Image from Unsplash by Square

Did you know that it takes 5-7 times the effort and resources to obtain new customers than to keep existing customers?

With this statistic in mind, how much effort have you and your organization focused on new customer acquisition rather than making sure your current customers are delighted with you, your products, and of course, your level of service?

Customer loyalty is worth billions, however, we often slack off on our best behaviors once we close the deal. Much like when we say our “I Do” to our life partners. Given the divorce rate of about 50%, we all can see the need to maintain and more appropriately improve these relationships if they are to prosper.

EXERCISE:

What are some ways you can and will double down on your levels of service in your professional and personal communities? What would be the value of the loyalty generated?

“What is the problem that you are the answer to?”

“What is the problem that you are the answer to?”

—Author Unknown

Image from Unsplash by Hans-Peter Gauster

Consider all the roles and responsibilities you have in a typical day. How is it that you create value in your professional and personal communities?

Which of these efforts create the greatest intrinsic and extrinsic value for others and at the same time bring the greatest joy and life satisfaction to you?

Consider the overlapping of these areas as your personal and professional brand or niche. How much of your day do you expend in these efforts versus those that feel like an obligation or burden?

EXERCISE:

What are your special talents and unique abilities that light you up and solve meaningful problems in the world?

How might you realign your daily efforts to spend far more of your precious time doing what you were meant to do?

“Everybody Matters.”

“Everybody Matters.”

—Bob Chapman, founder of Truly Human Leadership

Where do you stand on the two words of today’s quote?

More specifically, where do you stand as it relates to the following communities:

  • Family
  • Neighborhood
  • Your organization or place of employment
  • Your city, state, country
  • The upcoming 2020 census
  • The world and all global citizens
  • The plants and animals that share our earth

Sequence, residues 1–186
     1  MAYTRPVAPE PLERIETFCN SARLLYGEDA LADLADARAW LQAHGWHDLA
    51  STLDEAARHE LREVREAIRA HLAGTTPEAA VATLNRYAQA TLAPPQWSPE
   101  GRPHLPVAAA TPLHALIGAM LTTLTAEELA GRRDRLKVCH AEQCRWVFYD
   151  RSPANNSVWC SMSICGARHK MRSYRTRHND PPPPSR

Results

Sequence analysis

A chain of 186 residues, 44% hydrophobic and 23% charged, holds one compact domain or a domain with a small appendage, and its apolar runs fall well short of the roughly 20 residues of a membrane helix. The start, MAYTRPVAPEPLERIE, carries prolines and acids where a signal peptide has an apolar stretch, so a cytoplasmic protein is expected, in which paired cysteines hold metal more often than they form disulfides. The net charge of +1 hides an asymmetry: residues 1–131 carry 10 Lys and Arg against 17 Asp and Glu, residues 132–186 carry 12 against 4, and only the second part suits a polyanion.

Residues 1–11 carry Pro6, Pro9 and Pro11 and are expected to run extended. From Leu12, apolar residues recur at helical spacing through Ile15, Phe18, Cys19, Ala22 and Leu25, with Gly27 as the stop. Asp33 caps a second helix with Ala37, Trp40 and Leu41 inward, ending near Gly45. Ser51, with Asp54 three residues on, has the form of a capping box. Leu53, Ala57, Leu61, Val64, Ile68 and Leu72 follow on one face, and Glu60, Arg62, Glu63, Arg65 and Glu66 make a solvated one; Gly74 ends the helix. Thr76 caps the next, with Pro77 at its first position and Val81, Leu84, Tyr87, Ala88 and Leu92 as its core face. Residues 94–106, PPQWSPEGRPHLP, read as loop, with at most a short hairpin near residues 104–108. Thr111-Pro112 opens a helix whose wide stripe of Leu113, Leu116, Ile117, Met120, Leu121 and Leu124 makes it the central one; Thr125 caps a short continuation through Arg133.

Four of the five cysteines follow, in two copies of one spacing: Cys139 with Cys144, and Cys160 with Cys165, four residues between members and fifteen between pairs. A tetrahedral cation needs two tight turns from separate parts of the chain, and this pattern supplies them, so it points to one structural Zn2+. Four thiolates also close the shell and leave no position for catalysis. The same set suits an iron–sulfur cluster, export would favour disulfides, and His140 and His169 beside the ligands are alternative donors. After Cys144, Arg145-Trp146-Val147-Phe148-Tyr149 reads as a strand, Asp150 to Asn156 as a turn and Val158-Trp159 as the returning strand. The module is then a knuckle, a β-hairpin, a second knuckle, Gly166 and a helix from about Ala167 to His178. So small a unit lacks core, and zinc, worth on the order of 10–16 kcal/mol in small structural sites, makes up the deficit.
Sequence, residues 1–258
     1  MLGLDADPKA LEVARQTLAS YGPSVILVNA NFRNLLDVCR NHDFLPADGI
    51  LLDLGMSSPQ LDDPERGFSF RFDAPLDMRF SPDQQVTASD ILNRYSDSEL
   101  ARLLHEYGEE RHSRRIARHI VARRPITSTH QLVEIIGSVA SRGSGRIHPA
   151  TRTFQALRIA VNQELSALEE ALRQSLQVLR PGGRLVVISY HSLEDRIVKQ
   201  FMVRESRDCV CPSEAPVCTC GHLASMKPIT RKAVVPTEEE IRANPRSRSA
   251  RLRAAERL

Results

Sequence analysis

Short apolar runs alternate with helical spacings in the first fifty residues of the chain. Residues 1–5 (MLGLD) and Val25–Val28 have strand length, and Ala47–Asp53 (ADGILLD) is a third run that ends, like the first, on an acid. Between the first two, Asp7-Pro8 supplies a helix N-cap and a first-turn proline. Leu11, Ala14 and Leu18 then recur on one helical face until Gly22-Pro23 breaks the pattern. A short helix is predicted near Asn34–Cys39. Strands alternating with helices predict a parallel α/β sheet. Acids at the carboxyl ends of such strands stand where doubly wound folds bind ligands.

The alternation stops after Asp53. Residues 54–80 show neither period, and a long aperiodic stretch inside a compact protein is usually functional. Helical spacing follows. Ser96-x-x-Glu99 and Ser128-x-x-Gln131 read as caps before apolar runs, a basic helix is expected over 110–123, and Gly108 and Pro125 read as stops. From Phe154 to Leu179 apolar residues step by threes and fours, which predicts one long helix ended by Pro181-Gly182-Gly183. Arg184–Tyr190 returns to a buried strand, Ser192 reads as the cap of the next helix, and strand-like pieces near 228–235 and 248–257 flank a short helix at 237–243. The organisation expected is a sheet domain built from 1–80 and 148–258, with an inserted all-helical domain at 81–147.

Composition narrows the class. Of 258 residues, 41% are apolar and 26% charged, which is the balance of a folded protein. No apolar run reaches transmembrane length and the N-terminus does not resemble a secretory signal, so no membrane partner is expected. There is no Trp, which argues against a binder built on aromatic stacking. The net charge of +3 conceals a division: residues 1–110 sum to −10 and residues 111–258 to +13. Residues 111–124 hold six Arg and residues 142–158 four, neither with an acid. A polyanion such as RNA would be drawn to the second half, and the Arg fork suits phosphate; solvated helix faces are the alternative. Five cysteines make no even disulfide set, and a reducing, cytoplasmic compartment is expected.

As a boy, I attended Creighton Elementary School in Philadelphia, Pennsylvania. One of my fellow students was Kim Sledge of the singing group, Sister Sledge, who became pretty famous for their hit song, “We are Family.”

EXERCISE:

Where can and will an “everybody matters” family approach to your various communities improve your world? What difference could this make to improve our planet if we all treated each other this way?

Consider checking out Bob Chapman’s book, Everybody Matters: The Extraordinary Power of Caring for Your People like Family.

 

Friday Review of Posts on Effort

FRIDAY REVIEW: EFFORT

Where do you put your strongest efforts in life? Here are a few effort-related posts you may have missed. Click the links to read the messages.

 

“The highest reward for a person’s toil is not what they get for it, but what they become by it.”

 

 

 

“The price of anything is the amount of life you exchange for it.”

 

 

 

“Weeds are flowers too, once you get to know them.”

 

 

 

 

“A man may learn wisdom even from a foe.”

“A man may learn wisdom even from a foe.”

—Aristophanes, 4th Century BC Greek Playwright

Image from India Today

Take a look at this list of famous foes:

  • Batman / The Joker
  • Superman / Lex Luthor
  • Professor X / Magneto
  • Spiderman / The Green Goblin
  • Harry Potter / Voldemort

In the business world, consider the following pairs:

  • Coke / Pepsi
  • Ford / GM
  • Thomas Edison / Nikola Tesla
  • Bill Gates / Steve Jobs
  • Marvel Comics / D.C.

What other famous adversarial pairs can you think of? What potential positive benefits have been brought forth due to the considerable challenges faced on the battlefield – both imaginary and real?

EXERCISE:

Who do you consider your foe? How and in what ways may they be providing you wise lessons you often overlook?